GRANT: We all know secrets are hard to keep and it wasn’t long before competition showed up at Kable’s secret hotspot.

KABLE: (Whispering) (Inadubile) Got him.

GRANT: The replay shows just inches from the fur, that fawn nabber survived as the arrow deflected just ever so slightly off a cornstalk.

GRANT: It’s always good to watch deer from your blind, or treestand, and study their actions for clues.

KABLE: We had a button buck and a spike out in front of us, they started getting jumpy. And they bolt off. And they didn’t smell us, we didn’t do anything wrong. I looked to my cameraman, I said “I bet there’s another, I bet there’s another coyote coming.” And he pops out right in front of us.

GRANT: Kable doesn’t like competition, so that south Indiana boy decided to take matters into his own hands.

KABLE: (Whispering) Okay. You on him?

GRANT: This coyote ducked right into Kable’s well-placed BloodSport Arrow, and that’s one less deer stressing machine roaming around Kable’s property.

KABLE: If we have an opportunity to kill a coyote, we do it. Um, we may not hit it, but we’re gonna shoot at it and I don’t care if it’s with a gun, or with a bow, or with a slingshot, or with whatever. They’re really hard on fawns, and they’re just uh, they need to be controlled just like everything else needs to be controlled. So, we do that.

GRANT: It was a wet November 6th morning with a cold front approaching, and Kable had that good feeling, so he went back to the Cedar Hidey Hole.

KABLE: We had a storm front coming through last night and uh, it was raining, nasty, uh, it was just uh, it was just looked like a good night to be out deer hunting. You know you just, it was November 6th and you know these are the times that you just wait for all year long.

KABLE: Well folks, it’s, uh, November 6th. We’re back here in uh, southeastern Indiana, sitting in a blind. It’s pretty warm, uh, it’s about 60, 60 – 61 degrees out but we have a cold front moving through right now. Looks good, looks good. We should uh, we should get some movement tonight, I hope.

GRANT: Suddenly, Kable caught movement in the standing corn. It’s game on for Kable, once again.

KABLE: (Whispering) Don’t move. See what he does here. Don’t move. Are you on him?

JOHN: (Whispering) No. That blind’s in the way.

KABLE: (Whispering) Don’t move. Are you on him?

JOHN: (Whispering) No, that flap’s in the way.

KABLE: (Whispering) Okay.

JOHN: (Whispering) (Inaubible)

KABLE: (Whispering) Okay. Turkeys are flying away. Something scared the turkeys up there. It might be a coyote.

JOHN: (Whispering) I think so.

KABLE: (Whispering) You got him?

JOHN: (Whispering) Yeah.

KABLE: (Whispering) Okay just chill out. Just make sure you get ’em. Those turkeys don’t – he’s a pretty good deer. Oh he’s a good one, yeah. You, you got him? You on him? Okay. Stay on him. You on him? You on him?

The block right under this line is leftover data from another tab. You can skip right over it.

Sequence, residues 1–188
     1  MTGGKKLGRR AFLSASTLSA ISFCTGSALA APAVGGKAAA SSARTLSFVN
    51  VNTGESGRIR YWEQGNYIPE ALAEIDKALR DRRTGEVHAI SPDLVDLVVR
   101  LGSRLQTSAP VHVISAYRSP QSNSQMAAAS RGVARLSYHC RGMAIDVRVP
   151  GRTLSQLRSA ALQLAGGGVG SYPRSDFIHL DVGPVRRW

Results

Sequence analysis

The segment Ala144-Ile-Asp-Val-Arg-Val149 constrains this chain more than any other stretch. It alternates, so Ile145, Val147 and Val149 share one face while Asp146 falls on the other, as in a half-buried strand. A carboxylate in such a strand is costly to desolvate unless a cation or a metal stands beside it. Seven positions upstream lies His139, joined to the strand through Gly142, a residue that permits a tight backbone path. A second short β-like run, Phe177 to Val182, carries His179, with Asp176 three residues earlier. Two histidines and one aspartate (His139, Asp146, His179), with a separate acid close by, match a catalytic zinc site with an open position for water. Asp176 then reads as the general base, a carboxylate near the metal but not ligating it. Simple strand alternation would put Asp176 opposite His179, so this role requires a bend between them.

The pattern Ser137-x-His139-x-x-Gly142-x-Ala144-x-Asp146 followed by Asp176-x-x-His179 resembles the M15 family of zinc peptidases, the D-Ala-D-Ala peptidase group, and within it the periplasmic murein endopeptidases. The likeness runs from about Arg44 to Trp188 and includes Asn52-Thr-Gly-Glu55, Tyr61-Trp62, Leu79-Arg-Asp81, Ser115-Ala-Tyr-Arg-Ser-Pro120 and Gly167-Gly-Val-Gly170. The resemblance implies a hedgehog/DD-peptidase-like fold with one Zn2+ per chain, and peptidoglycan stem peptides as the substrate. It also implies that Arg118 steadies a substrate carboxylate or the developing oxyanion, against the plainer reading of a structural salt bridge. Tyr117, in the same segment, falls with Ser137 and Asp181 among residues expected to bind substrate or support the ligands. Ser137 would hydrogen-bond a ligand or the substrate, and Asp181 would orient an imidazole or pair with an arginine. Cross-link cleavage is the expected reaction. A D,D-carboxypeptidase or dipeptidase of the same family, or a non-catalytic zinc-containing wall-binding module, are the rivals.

JOHN: (Whispering) Yeah.

KABLE: (Whispering) Stay on him.

KABE: I think we just smoked a big one. (Whispering) Wow.

KABLE: I think we got a dead deer, um, I think we’re gonna go on after him, get on the blood trail. It’s raining right now. Uh, we’re gonna get after him before uh, this rain washes the blood away. Good blood. Really good. Really good blood. Really good. Good. Good. Good. Oh, oh, oh. White belly. White belly. Right there, there he is. Beautiful. He didn’t, John, he didn’t go – he didn’t go 75 yards. Look at that. (Laughing) Look at that. I couldn’t pass that up, folks. You know what? We have no trail cam pictures of this deer. He just uh, think he just came in, cruising. He knows that was a really good doe hotspot right there. He came in, walking through the corn, walked right through the middle of the corn and uh, got a T3, red carpet treatment right through him. Look at that deer. Nice kickers – nice stuff – pretty good mass. Awful hard deer to pass up, I’ll tell ya. It looked picture perfect, it was just beautiful and uh, I need to thank my wife and my son, and my cameraman, and Grant, and everybody else uh, that uh, had a hand in this. Very gratifying when it happens. It doesn’t always happen, trust me, I’ve gone many years without killing a big deer. Um, but when it comes together it’s uh, it’s a great, it’s a great feeling, great accomplishment.

GRANT: Congratulations, Kable, on a great southeastern Indiana buck. Hard work and dedication has paid off in a big way for Kable, and we look forward for more hunts from that family as his son Alec is up next in trying to fill his Indiana buck tag.

GRANT: Whatever the stage of the rut is where you’re hunting, take a few moments to enjoy Creation and most importantly, slow down and listen to what the Creator is saying to you. Thanks for watching

GRANT: Not only does the entire GrowingDeer team love mid-November because of the hunting action but it’s also when we celebrate the anniversary of Four years ago, we started making weekly episodes of year-round. We’ve never had a repeated episode, and each week we strive to share with you the latest information about deer hunting, deer management, and what we do throughout the year. Thanks for watching.

GRANT: I knew the conditions were good, so we went back to the Cedar Hidey Hole. Cedar Honey Hole.